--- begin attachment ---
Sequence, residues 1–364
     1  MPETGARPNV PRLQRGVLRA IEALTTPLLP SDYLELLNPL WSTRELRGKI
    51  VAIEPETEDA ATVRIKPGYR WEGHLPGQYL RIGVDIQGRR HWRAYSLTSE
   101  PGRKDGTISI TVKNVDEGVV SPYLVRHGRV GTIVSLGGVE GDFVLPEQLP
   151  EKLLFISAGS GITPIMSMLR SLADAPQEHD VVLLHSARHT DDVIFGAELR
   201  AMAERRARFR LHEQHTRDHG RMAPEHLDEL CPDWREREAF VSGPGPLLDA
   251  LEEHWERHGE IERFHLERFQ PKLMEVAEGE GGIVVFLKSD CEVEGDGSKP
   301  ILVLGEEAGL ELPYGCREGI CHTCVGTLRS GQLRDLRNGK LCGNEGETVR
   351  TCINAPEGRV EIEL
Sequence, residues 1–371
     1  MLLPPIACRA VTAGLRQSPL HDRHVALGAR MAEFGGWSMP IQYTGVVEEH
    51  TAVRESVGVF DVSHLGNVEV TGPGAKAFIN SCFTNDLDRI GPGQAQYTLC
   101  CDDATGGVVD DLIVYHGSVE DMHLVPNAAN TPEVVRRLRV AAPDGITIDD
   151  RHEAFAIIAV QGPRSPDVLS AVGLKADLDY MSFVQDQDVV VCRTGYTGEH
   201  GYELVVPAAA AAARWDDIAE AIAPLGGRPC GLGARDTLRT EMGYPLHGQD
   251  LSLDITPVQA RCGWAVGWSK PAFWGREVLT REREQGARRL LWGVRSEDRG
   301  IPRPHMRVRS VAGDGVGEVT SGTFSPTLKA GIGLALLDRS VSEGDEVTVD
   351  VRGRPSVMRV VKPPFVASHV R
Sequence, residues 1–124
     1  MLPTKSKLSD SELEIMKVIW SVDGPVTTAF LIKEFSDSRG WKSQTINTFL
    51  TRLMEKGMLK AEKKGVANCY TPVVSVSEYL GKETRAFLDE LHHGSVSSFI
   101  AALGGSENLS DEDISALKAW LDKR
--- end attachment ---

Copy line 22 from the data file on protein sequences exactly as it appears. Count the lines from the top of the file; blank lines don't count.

   101  AALGGSENLS DEDISALKAW LDKR